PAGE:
Saturday, August 1, 2009

What have you learned lately…

Last month, I told you the general idea of my plans for this month’s Creeksider letter. Being my first anniversary as Plymouth Creek’s minister, I thought it nice to look the year back over, and describe some of what I’ve learned. But before I get going, I want you to hear the back-story on this idea.

It begins with a job interview in Lexington, KY. As you may know, my first church out of seminary was in Lexington, and their interview process was familiar. They reviewed my application, and after a good phone conversation, they brought me down for an interview. I arrived late, because bad weather forced a long delay in our flight. But eventually I’d landed, been picked up, taken to eat my first Kentucky meal (Hot Brown, aka Heart Attack Special), and dropped off at a local hotel that was used as Army HQ in the Civil War, by both the North and the South. At separate times. The next morning, I interviewed with the church staff. Their Senior Minister, my eventual boss, asked the first question, “So Shane, what have you learned since your arrival last night?” Apparently I answered okay, because they extended me a call to serve that church. And rarely a week went by over the next two years that my boss didn’t ask, in one way or another, “What have you learned recently about your church?” I think that was a good habit to pick up, and would encourage you to form your own answers. Then, share them with me and your neighbors. But until that happens, here’s what, over the last year, I’ve learned:

  • Plymouth, Minnesota has a beautiful public garden and walking path- The Millennium Garden. In August, roses and perennials will bloom, so if you’re around, and want a partner for a nice walk, let me know. It’s beautiful. By the way, the Millennium Garden has great flowers, but no vegetables for Plymouth’s hungry residents. Which is why I think you should join me and others in discussing how we can offer our undeveloped land as a community garden for our neighbors. More on that later in the Creeksider (and please forgive this shameless plug!).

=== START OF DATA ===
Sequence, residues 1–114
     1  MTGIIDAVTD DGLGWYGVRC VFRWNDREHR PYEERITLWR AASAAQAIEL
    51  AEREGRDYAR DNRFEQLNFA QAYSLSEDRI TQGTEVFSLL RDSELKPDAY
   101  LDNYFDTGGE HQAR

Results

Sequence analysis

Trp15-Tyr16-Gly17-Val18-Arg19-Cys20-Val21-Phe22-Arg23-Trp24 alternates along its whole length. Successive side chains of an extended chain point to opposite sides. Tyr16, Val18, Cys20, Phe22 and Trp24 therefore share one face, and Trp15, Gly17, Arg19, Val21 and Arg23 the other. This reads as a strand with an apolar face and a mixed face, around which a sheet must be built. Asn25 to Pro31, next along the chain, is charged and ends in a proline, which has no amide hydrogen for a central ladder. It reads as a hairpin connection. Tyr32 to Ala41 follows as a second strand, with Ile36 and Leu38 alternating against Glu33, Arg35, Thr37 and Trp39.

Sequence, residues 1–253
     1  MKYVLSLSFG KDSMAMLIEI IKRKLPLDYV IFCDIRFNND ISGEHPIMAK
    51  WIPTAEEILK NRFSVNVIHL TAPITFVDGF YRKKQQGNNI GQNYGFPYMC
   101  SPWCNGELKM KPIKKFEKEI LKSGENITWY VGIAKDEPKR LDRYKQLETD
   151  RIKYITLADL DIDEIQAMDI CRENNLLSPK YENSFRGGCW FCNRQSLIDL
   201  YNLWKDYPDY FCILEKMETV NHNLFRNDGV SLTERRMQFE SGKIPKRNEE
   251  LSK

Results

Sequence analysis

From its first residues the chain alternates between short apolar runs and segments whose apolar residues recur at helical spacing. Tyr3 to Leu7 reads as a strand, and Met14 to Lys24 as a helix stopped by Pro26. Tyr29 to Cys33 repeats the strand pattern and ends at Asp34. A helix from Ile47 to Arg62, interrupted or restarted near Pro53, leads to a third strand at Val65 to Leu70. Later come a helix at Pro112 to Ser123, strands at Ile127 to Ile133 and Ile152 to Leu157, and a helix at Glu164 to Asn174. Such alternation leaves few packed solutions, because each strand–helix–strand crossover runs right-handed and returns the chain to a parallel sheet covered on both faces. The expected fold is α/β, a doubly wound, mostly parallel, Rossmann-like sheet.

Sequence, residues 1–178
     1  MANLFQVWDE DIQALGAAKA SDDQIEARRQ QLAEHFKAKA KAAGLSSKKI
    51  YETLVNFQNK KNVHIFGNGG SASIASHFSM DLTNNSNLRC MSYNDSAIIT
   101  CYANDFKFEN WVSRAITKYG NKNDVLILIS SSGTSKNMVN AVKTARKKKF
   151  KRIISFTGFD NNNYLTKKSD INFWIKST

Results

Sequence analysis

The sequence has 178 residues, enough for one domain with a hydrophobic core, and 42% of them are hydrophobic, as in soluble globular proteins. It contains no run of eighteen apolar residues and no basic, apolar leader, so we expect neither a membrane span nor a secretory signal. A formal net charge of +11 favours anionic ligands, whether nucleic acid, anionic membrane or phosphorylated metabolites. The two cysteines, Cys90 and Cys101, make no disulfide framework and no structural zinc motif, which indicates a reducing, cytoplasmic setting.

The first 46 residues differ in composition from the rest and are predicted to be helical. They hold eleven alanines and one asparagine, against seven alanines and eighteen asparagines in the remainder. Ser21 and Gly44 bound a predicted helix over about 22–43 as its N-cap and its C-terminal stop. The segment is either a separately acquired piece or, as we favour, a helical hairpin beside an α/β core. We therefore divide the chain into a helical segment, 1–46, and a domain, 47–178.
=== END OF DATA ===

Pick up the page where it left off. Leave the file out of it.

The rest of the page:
• Saying “Hockey’s like soccer on ice” to a native Minnesotan does not endear you to that person.
  • Resiliency is an undervalued spiritual gift, and an important way many ‘feel the Spirit’ work. You see, Christians often talk of ‘the Spirit’ as something you feel, sense, or ‘just know’ is guiding you at any given moment. That’s accurate in certain contexts; some worship services place high value on powerful, immediate experiences of God’s Spirit. But as Paul writes in Galatians, the fruits of the Spirit include patience and gentleness, attributes that manifest over time, and things you don’t notice best ‘in the moment,’ but after it, in hindsight. Looking back over difficult days, months, years, as you discover how you or others navigated tricky waters (i.e. the resiliency shown), it’s possible to discern God’s help in those extended periods of time. Make no mistake about it- such resiliency, such stick-to-itiveness is hard to achieve and maintain. But Plymouth Creekers have it, and have taught me to access it in my own life. I thank God for that.
  • Hospitality to neighbors, guests, friends and families, before anything else, requires listening. In other words, hospitality demands not only clean carpets and nice treats, but more importantly, curiosity. At least Christian hospitality demands that, because it’s about love, and to love a neighbor you don’t yet know yet means you need to be curious about who they are. That’s risky. And rewarding. And for many shy introverts (like myself), it takes practice. But that can be overcome, which some of us shy introverts are learning as well.
  • Our church has fun, caring neighbors, who play bocce ball on our lawn and look out for our best interests. I hope we will, over the next year, establish closer relationships with these neighbors.

So that’s some of what I learned this year. How about you? Let me know! Until then, in all things,

Grace and Peace,